Views from connections ahead of the Sky Bet Dovecote Novices' Hurdle at Kempton on Saturday.
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Trainer Paul Nicholls hopes the decision to skip going for a huge pot at Newbury with Irving pays dividends in the Sky Bet Dovecote Novices' Hurdle at Kempton on Saturday.
One of the ante-post favourites for the Supreme Novices' Hurdle next month, Irving looked a blot on the handicap for the Betfair Hurdle but the former champion trainer decided not to risk him on heavy ground.
That race was eventually won by Splash Of Ginge, behind Irving at Ascot in December, and Nicholls feels the smaller field in the Dovecote will be better preparation for his main aim at Cheltenham in just over three weeks.
The Ditcheat handler said: "He's been off for a while but he's been ready to run.
"I just thought there's one or two to beat on form at Kempton, not like at Newbury in the Betfair Hurdle when there's about 20 to beat."
Irving is owned by the Axom syndicate, whose racing manager, Dan Downie, said: "It's all really exciting.
"We were desperate to get another run into him somewhere if we could and in an ideal world we could have done with this race being last Saturday to have given us an extra week before Cheltenham.
"It looks a good opportunity, though, and, like Paul says, even if he gets beaten he won't have as hard a race as he would have done at Newbury in that ground.
"Ideally we'd want better ground but if we wanted to run, this is about as good as we're going to get. It's certainly not bad enough to stop us running."
Irving, who is unbeaten in three starts over hurdles, was a decent performer on the level in Germany - but not as good as Alan King's First Mohican.
Placed in Group company in France, when trained by the late Sir Henry Cecil, he made a smooth transition to hurdles when winning a decent novice event at Doncaster.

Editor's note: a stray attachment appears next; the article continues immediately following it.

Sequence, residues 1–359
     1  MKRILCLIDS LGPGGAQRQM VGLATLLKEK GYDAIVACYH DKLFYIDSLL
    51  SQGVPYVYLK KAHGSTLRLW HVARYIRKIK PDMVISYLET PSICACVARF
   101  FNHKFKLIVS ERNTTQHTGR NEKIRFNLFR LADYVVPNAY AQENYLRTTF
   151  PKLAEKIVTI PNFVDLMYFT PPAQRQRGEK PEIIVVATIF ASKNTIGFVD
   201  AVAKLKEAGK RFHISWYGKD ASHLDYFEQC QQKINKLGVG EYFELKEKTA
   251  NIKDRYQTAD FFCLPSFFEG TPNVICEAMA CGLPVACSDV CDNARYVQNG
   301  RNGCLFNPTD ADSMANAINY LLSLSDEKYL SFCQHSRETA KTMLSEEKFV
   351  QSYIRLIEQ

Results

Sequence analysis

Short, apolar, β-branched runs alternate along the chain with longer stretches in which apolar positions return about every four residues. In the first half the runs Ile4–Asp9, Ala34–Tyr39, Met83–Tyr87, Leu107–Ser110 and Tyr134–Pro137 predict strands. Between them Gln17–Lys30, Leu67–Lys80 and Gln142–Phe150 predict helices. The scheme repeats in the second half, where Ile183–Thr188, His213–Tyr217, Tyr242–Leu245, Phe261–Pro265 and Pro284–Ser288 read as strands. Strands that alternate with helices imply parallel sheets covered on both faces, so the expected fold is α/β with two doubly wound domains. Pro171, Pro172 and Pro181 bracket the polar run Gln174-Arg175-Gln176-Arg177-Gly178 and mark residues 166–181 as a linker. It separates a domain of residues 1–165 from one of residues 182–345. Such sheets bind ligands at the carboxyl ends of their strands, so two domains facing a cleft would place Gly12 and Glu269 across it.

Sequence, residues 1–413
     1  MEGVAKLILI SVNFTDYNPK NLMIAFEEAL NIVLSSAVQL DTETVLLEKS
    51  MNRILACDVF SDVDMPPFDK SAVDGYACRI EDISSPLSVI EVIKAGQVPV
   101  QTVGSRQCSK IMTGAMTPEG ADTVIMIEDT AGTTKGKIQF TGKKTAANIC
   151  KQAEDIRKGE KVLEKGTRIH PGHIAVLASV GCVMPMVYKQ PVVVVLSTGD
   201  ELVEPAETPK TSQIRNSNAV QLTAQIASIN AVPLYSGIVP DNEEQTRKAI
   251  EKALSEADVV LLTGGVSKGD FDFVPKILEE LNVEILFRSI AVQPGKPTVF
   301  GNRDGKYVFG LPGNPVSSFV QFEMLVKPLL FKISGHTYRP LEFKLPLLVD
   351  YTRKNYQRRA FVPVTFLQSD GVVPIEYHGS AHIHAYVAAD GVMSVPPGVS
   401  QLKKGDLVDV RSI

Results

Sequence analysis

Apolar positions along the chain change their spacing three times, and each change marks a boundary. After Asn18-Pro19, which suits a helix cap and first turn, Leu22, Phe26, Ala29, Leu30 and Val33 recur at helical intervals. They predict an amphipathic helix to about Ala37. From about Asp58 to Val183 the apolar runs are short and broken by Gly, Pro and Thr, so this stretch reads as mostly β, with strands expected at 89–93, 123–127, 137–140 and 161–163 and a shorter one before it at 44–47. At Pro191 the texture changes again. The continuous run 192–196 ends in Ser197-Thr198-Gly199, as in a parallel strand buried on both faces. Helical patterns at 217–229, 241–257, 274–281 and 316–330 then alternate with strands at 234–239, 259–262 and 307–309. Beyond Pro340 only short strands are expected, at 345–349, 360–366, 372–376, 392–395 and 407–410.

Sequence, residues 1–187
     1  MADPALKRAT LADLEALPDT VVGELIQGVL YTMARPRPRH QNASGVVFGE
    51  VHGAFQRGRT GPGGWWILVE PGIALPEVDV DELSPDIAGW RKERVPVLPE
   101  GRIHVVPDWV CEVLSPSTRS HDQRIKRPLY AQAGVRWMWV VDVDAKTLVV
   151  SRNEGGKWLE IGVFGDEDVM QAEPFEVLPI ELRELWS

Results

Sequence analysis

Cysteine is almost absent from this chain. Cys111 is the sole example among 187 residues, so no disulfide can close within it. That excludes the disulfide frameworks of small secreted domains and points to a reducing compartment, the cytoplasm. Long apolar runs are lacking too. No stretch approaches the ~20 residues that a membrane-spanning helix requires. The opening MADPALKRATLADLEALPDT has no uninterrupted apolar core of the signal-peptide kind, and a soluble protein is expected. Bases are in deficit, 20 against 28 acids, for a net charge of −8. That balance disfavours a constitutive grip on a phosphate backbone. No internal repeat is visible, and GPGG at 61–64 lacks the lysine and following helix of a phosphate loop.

This race has been the plan ever since and he needs to perform with credit to book his Cheltenham ticket.
"First Mohican, who runs in the Dovecote, won really well at Doncaster first time out and had a good blow afterwards, so, hopefully, there is improvement to come," the Barbury Castle handler told www.alankingracing.co.uk.
"He has worked well since and schooled on Thursday, and if all goes well it will be the Supreme next."
The Nick Williams-trained Amore Alato beat some well-touted individuals in a traditionally hot novice hurdle at Kempton on Boxing Day but he could only finish third in handicap company next time out at Cheltenham.
However, Williams believes the ground may have been to blame that day.
He told At The Races: "He was very impressive at Kempton over Christmas so he's a course and distance winner and has a lot going for him, I would have thought.
"The heavy ground probably didn't suit him at Cheltenham if he's run to his mark of 135.
"He still ran a solid race but he didn't show that he was particularly well handicapped."
Charlie Longsdon's Germany Calling is the unknown quantity and has had a slight setback since his hurdling debut, when second at Cheltenham in October.
"He was a very good second at Cheltenham, but has been off since then with a slight muscle injury," the Oxfordshire trainer told www.charlielongsdonracing.com.
"This is a very tough race to bring him back for, but he is a nice novice and if he does not win I could easily see him running in all the big novices next season."
John Ferguson's Dubai Prince, one-time ante-post favourite for the Derby, was ultra-impressive winning on his hurdling debut but did not look the same horse when pulled up behind Amore Alato at Kempton and when beaten by Pearl Castle at Doncaster.
The seven-strong field is completed by JP McManus-owned duo, Cup Final and Vaihau, trained by Nicky Henderson and Jonjo O'Neill respectively.